DECEMBER 27, 2014 7:03 AM ET
ALAYA DAWN JOHNSON
The Game of Kings
by Dorothy Dunnett
The old fiction room at my high school was a small box of wonders, and no matter how long I spent investigating its seven and a half overstuffed shelves, I never stopped discovering treasures. When I was sixteen, the shelf which held authors A through D divulged a small, yellowing paperback with a splashily romantic cover: a long-limbed blond man in Renaissance dress, gripping both a woman and a rapier. The title was The Game of Kings, its author was Dorothy Dunnett, and reading it was going to change my life.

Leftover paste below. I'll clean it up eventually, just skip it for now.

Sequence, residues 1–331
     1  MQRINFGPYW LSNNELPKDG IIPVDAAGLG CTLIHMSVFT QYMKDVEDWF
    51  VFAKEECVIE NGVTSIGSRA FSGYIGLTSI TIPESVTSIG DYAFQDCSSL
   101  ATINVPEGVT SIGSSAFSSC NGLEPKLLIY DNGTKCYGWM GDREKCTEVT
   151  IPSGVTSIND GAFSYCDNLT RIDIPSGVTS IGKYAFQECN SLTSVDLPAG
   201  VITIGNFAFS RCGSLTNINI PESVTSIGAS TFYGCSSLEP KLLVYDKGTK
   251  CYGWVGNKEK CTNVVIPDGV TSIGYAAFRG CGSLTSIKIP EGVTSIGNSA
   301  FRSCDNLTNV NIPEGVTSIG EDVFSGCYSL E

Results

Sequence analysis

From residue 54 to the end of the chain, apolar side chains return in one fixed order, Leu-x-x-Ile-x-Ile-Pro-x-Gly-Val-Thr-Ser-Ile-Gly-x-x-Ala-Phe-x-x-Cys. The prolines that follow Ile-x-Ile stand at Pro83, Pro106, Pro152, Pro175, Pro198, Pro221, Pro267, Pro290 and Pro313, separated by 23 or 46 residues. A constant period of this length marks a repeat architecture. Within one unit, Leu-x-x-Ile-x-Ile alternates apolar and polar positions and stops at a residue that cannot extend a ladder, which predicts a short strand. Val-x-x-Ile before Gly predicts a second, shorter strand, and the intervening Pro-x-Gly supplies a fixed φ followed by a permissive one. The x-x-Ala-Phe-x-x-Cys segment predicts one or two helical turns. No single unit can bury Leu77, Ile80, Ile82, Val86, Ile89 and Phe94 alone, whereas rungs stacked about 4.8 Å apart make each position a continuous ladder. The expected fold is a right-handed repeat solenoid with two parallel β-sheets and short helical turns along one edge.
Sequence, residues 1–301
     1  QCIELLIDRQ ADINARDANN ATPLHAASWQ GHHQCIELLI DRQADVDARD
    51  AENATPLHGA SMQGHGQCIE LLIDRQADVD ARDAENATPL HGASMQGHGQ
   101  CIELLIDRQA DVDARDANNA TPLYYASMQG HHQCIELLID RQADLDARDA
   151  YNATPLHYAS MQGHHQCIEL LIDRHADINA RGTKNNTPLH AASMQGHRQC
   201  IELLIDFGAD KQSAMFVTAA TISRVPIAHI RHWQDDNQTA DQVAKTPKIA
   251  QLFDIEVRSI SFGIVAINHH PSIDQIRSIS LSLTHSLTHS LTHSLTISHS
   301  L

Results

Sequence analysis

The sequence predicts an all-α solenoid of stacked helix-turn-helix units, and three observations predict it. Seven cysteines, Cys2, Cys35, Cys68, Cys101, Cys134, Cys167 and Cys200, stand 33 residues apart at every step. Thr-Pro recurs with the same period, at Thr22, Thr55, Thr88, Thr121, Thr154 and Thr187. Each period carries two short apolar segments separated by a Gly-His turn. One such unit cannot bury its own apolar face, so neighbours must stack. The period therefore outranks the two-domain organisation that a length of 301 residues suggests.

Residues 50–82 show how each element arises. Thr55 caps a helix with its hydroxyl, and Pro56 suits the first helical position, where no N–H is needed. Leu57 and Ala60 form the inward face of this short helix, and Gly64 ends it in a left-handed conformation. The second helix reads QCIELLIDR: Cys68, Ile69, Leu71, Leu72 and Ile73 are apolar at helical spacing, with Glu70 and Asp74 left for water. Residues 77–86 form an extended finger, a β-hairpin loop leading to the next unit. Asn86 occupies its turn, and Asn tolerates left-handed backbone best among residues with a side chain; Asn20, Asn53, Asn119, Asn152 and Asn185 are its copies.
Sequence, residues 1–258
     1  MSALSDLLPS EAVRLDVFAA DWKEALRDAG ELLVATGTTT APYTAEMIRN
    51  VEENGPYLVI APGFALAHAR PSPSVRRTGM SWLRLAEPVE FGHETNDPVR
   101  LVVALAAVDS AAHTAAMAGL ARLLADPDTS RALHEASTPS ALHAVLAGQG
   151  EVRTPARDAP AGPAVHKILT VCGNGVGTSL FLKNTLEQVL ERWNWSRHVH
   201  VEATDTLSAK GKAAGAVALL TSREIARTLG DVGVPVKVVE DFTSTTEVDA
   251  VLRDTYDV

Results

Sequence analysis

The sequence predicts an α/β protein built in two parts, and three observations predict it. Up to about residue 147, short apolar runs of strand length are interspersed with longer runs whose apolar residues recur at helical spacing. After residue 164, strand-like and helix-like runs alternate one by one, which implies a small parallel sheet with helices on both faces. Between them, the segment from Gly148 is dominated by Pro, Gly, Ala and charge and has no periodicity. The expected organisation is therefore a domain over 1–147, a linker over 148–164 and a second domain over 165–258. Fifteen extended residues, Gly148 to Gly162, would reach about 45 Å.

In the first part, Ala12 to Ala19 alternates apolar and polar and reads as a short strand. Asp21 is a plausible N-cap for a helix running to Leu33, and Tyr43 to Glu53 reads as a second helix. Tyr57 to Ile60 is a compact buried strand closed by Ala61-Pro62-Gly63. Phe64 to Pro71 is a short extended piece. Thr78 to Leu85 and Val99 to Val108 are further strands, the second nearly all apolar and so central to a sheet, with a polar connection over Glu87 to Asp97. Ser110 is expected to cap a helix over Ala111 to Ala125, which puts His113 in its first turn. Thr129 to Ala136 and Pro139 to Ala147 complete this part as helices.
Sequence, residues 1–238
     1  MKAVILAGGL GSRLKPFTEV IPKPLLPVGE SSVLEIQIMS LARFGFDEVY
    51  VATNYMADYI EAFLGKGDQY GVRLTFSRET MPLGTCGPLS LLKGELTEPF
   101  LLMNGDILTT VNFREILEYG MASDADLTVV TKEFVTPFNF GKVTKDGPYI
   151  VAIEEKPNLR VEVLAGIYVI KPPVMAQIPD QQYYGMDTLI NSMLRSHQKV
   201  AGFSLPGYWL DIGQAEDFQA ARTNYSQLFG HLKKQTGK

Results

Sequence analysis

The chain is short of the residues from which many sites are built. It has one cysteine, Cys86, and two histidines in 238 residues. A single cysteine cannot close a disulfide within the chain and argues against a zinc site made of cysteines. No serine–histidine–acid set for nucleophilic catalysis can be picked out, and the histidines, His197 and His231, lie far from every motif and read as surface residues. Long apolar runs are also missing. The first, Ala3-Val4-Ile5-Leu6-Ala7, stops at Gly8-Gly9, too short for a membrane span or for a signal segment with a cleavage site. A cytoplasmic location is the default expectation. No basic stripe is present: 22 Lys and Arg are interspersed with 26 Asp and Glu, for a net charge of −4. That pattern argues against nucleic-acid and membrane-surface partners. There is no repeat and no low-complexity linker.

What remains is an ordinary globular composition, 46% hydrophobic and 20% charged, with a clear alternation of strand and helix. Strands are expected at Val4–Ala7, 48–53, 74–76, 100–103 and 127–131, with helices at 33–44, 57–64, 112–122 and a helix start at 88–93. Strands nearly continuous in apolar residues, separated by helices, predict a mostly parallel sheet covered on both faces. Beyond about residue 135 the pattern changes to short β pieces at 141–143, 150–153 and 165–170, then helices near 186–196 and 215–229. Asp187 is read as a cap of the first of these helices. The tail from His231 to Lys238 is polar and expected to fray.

Years later, I would discover how many other writers, across varied genres, shared this foundational influence. I’ve come to think of Dunnett as the literary equivalent of the Velvet Underground: Not many people bought the books, but everyone who did wrote a novel.
The Lymond Chronicles follow the minor Scottish nobleman Francis Crawford of Lymond, a dark star whose gravitational charisma pulls in everyone around him: friends, lovers, enemies (and some who are all three at one time). We see him through a kaleidoscope of viewpoints over the course of the six dense, continent- and decade-spanning novels.